Moreover, increasing numbers of people are dissatisfied with the BBC’s somewhat staid and slanted service output, which is targeted at quite a restricted audience, and some would say that for a supposedly neutral public service broadcaster, that at times it lacks objectivity and seems very biased in its approach to controversial topics [that would specifically include BREXIT where it has clearly been supportive of the government’s Remain line]. Also, these days one can find much better programmes elsewhere, and often its output lacks quality of thought and professionalism [the insensitive format, the debate bias, and the series of appalling blunders the BBC exhibited in its ‘gate-crash’ Tory leadership broadcast last Tuesday is a glaring case in point], while in general its output descends to the lowest common denominator in its quest to match the dross of the crap commercial channels.
The BBC seems to inexplicably believe that its viewers of predominately intelligent, discerning people, want a never-ending programme diet of cookery, house hunting & relocation, bric-à-brac & antique sales, outdated & irrelevant chat shows, incomprehensible & meaningless game shows, medical dramas and soaps seemingly used solely to promote relationship & diversity issues, repeats & re-runs of past quality items galore, low-interest sports events & with just post-time reviews of major sport goings-on, etc, eh?
That is coupled with the BBC scandalously enabling personal tax reduction by secretly paying TWO THIRDS of its highest-paid presenters and actors [freelancers] “off the books” so to speak, by channelling their earnings though ‘personal service companies’ [£74million in payments dished out over 4 years], a practice which allows both the BBC and the worker to pay less tax – that is despite the corporation pledging to stop the practice 7 years ago, eh? (The BBC had refused requests made under the Freedom of Information Act to disclose information about the practice)
[Payment via a company allows the BBC to avoid national insurance while the performer avoids income tax at source of up to 45% and instead pays corporate tax of 19%]
The BBC’s blatant sex inequality on pay has been exposed – showing that the top four male presenters across the BBC were collectively paid almost four times the total amount of the top four female presenters. That is coupled with unwarranted enormous salaries of the so-called stars, which when uncovered over a year ago, the majority of the viewing population couldn’t comprehend why [which apparently resulted in some pay-cuts – guilt & embarrassment?]
[The BBC has been forced to publish a list of those earning above £150,000 a year but we don’t know anything about the biggest earners paid through their personal service companies, and payments made through BBC Studios etc are also hidden – LAST YEAR ALONE:
- £1.75million to a football presenter of matches already played (was £1.8million the year before) & he also is supported by highly paid analysts including one on £420thousand (was £550thousand the year before)
- £1.7million to a radio presenter (was £2.5million the year before when he did a TV show as well)
- £610thousand to a radio presenter and TV chat show host (was £900thousand the year before)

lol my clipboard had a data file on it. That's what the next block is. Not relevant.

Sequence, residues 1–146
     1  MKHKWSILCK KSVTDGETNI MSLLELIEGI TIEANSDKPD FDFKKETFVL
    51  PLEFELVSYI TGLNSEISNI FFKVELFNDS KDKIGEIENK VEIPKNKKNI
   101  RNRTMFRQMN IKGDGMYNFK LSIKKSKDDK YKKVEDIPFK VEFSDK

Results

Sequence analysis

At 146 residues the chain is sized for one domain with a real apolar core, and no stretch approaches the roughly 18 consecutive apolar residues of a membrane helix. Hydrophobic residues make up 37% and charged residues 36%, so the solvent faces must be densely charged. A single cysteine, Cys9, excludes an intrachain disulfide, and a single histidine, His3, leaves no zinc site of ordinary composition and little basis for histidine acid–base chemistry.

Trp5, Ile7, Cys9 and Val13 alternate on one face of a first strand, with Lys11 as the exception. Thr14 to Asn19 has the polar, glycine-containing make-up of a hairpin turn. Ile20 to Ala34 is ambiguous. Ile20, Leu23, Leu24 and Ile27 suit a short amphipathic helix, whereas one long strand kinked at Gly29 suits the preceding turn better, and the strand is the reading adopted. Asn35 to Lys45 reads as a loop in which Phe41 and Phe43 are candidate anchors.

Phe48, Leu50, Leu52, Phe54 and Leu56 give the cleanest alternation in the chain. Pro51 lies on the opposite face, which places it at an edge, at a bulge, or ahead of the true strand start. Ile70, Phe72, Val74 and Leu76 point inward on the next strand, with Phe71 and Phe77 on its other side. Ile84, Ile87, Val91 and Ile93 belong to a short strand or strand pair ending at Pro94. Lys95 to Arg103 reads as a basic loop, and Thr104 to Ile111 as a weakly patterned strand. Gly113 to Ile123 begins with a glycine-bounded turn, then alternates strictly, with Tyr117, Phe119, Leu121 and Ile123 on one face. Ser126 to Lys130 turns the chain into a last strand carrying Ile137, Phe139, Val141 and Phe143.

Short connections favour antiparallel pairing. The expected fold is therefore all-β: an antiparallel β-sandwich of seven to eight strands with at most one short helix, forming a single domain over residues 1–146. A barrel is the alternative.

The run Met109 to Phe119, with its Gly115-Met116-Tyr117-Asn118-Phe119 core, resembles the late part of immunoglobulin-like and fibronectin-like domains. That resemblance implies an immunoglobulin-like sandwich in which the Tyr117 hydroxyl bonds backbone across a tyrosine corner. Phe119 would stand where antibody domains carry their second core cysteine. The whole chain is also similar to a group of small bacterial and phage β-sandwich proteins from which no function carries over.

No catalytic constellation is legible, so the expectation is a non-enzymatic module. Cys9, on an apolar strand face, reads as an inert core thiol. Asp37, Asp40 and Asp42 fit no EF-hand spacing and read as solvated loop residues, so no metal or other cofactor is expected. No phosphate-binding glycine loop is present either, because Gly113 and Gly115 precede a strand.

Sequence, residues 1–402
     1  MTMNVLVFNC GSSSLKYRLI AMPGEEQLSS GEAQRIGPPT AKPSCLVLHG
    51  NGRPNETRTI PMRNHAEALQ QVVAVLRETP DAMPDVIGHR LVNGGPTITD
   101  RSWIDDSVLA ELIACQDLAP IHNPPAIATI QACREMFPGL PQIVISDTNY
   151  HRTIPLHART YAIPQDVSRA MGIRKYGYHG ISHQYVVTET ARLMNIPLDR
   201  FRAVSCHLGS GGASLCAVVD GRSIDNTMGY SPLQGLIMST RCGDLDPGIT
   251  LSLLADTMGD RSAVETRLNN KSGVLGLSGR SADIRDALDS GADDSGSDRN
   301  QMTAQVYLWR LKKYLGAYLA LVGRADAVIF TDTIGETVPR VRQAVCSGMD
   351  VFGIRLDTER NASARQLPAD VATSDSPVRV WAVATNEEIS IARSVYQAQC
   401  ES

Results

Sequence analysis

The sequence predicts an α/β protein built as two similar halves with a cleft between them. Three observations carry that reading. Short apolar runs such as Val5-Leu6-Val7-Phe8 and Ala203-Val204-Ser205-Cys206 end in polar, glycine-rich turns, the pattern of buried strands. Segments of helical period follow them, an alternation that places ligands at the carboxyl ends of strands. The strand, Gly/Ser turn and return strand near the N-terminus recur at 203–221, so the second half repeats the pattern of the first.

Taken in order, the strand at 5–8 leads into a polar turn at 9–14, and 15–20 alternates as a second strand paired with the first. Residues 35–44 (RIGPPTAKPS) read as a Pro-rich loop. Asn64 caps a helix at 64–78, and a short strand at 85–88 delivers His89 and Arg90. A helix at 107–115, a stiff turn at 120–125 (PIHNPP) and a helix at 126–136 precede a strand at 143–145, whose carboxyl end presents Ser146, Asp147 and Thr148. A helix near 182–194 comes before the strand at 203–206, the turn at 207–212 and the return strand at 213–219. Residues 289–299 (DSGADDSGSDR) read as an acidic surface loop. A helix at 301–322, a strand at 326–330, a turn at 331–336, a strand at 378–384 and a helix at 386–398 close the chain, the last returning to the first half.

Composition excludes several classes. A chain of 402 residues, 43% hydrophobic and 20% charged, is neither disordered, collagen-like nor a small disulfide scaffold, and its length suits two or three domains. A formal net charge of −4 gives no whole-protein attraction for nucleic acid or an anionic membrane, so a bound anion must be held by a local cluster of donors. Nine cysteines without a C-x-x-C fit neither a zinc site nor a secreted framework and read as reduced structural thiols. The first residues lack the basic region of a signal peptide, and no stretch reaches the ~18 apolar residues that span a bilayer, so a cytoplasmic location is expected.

- £560thousand to a radio presenter
- £530thousand to a newsreader and elections presenter (was £600thousand the year before but reportedly he took a pay cut)
- £450thousand to a radio and TV presenter (was £750thousand the year before but reportedly he took a pay cut)
- £420thousand to a radio presenter (was £450thousand the year before but reportedly he took a pay cut)
- £410thousand to a radio presenter
- £410thousand to a radio presenter with some TV work (was £650thousand the year before)
- £410thousand to a TV presenter was £650thousand the year before
- £410thousand to a radio presenter was £650thousand the year before)
- £380thousand to a female radio presenter and TV host ( was £500thousand the year before)
- £359thousand to a radio presenter (was £400thousand the year before)
- £340thousand to a female radio presenter
- £340thousand to a radio presenter (was £350thousand the year before)
- £310thousand to a radio presenter
- and others who have also been pulling in £300thousand or so
Radio presenters seem to be the BBC’s high paid elite – WHY? Where does the competition for their services come from that necessitates big bucks, eh?
- Radio listeners DON’T actually pay ANY licence fee to use that service
- The BBC Director General not only ALREADY draws BBC pension but ALSO gets a BBC salary AS WELL – so is on £530thousand
- The PM gets just £149thousand TOTAL salary
- The average salary of UK FULL TIME workers is only £35thousand]
While the BBC should not have been expected to fund free TV licences, it has nevertheless got itself embroiled in the betrayal of millions of over-75s [1.8 million over-75s live completely ALONE and TV provides a lifeline], and it will doubtless pay a high price for that, won’t it?
Why Hall thinks that the BBC will get away with biting the hand that feeds it, is anyone’s guess, but crossing the Treasury and embarrassing the government in breaking its manifesto pledge is pretty non-recoverable, don’t you think?
The most likely outcome now is that the licence fee will shortly be scrapped, the BBC will have its feet held to the fire and it will be challenged to get its future income from subscription services – then the value and quality of its output will be put to the ultimate test of consumer satisfaction. Its cosy little isolated world of the luxury of not having to perform to obtain massive unearned income will have gone – will subscriptions to Radio1, Radio2, Radio3, Radio4, Radio Five live, Radio London, really pull-in the many millions of pounds needed to support the BBC’s loaded radio presenters, do you think?
[Will creativity and excellence become the byword the BBC again, will talented programme makers be attracted back to the new model BBC, and will presenters start to get paid only what they are worth, do you think?]